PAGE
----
The Turnbo Manuscripts

by Silas Claiborne Turnbo

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By S. C. Turnbo

In the year 1851 Nathan Young and Annie Moriah Young, his wife,, with their children settled on Pond Fork one mile below the Rufe Haskins place in Ozark County, Missouri. Young’s wife was a daughter of Jerry Hutchison. They were married in east Tennessee and Annie Moriah was his second wife. Mr. Young was a native of Virginia, being born there soon after the closing scenes of the Revolutionary War. He and his family were living on Pond Fork at the breaking out of the War Between the States. He sympathized on the side of the stars and stripes but he was too old to serve in the army. But his age did not prevent him from suffering death from the hands of the irregulars.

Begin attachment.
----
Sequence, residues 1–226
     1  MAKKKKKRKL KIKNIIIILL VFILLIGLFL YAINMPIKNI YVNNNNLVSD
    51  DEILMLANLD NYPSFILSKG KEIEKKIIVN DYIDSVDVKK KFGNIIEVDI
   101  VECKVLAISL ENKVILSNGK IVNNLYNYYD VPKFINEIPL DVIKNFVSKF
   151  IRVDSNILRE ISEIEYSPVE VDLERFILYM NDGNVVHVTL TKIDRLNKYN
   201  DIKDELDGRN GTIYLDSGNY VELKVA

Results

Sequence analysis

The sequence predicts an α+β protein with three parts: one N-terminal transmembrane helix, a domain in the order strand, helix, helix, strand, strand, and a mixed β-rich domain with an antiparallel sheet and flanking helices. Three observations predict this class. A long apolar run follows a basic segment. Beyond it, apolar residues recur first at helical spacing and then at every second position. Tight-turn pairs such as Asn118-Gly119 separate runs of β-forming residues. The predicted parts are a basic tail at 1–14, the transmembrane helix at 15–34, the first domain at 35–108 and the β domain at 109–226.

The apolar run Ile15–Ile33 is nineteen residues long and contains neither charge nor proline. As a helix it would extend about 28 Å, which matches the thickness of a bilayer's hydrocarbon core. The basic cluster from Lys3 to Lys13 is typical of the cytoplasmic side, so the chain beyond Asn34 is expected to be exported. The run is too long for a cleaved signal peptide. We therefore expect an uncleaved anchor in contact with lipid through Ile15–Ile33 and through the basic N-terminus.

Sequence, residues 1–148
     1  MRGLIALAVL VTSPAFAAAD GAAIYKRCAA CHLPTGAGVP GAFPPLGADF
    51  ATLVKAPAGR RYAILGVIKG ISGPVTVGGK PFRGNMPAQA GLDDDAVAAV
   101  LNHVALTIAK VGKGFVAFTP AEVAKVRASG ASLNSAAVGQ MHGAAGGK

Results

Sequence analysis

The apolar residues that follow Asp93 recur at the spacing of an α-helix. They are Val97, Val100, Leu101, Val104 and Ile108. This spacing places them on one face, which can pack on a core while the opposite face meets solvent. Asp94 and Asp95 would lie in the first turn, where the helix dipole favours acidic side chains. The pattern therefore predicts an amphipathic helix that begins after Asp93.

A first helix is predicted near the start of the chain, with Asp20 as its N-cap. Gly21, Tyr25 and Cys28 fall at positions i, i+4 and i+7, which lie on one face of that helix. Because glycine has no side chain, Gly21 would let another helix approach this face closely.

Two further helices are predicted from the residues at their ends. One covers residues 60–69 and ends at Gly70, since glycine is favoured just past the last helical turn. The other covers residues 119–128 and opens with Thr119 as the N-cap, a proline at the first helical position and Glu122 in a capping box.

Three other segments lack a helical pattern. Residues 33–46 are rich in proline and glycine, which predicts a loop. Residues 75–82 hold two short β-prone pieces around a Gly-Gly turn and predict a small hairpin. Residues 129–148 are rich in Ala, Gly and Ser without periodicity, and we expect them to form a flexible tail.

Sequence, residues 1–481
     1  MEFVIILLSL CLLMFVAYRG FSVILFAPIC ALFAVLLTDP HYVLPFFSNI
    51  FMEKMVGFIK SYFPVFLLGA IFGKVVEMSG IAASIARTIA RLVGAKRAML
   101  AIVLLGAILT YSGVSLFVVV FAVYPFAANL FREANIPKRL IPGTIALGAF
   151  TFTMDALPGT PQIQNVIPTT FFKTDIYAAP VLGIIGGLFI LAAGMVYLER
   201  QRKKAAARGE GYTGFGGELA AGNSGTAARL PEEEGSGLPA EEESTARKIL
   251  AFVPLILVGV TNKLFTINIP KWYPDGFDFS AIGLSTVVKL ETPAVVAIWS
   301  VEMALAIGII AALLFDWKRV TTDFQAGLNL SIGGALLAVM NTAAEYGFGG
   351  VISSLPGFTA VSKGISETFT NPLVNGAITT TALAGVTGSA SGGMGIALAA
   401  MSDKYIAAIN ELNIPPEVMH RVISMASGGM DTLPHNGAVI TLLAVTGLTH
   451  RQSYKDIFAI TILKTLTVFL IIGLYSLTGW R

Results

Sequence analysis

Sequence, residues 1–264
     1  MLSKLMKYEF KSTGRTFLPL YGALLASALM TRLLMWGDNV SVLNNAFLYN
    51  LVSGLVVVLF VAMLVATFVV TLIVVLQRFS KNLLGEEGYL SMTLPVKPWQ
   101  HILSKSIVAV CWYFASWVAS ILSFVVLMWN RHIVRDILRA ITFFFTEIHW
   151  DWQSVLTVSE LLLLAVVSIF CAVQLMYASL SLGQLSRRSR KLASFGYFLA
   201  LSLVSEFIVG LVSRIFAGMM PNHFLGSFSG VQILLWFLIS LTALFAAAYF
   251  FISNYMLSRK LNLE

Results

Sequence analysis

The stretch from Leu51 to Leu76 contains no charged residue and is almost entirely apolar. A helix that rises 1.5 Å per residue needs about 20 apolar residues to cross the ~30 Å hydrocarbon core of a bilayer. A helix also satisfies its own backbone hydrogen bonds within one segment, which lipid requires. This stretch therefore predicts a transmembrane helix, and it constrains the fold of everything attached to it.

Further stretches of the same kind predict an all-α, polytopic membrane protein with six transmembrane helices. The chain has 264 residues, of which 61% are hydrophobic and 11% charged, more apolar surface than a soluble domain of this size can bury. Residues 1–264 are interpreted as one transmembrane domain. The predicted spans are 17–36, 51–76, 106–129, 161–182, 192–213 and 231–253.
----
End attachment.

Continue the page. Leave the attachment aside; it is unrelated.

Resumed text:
Mrs. Mary Ann Sewell, daughter of Mr. Young, now the wife of Zeke Sewell and who was born on Pond Fork May the 2nd, 186o, furnished the details of her father’s death which was told her by her mother as she was too young to remember but little about it. She said that one morning in the spring of 1865 my father started out afoot to hunt the oxen which he used to plow with. He had not been gone from the house very long before a band of armed men rode up to the Yard gate and demanded the whereabouts of my father. Mother said she told them that he was not there but refused to tell them where he had went and they cursed and abused her for not telling them and ended by saying, "You shall never see his face anymore alive." John Asberry and my brother, Jerry Young, who was 14 years old and Charley Davis, all of which were only boys, were in the field at work and the ruffians went into the field where they were and told them if they did not tell them where my father was they would kill them all three immediately which frightened them so that they told them where he had gone—that he had went into the woods to drive up the oxen and give them the direction he had went and the men mounted their horses and hurried away to hunt him up. Shortly after they were gone my mother heard the report of guns and a half hour or more the same men come back and told my mother that they had killed father and went on. This occurred just two weeks before my sister Sarah was born. My poor mother and we children were in great distress. We all went out to hunt for his body but we did not succeed in finding it that day. But on the following morning my dear mother in company with old aunt Suky Asberry and Tilda Pitts found the body lying on a little bench of land on a hillside just east of Bear Hollow that runs into Pond. Fork. He had been shot 5 times. Knowing that he was dead they yoked up the oxen and hitched them to the truck cart and fastened a large wooden box on it and taken the oxen and cart with them into the woods and when they discovered the murdered remains of my father they lifted it up and placed it in the box and hauled it to the Haskins graveyard on the west side of North Fork 3 miles above the mouth of Pond Fork, where with the assistance of one man a grave was dug and the body of my dear old father was lowered into it. By this time the man was afraid to stay longer and hurried off and the women filled in the grave. My mother died in January, 1882, and is buried in the Tempy Hutchison graveyard one mile below the Haskins graveyard."

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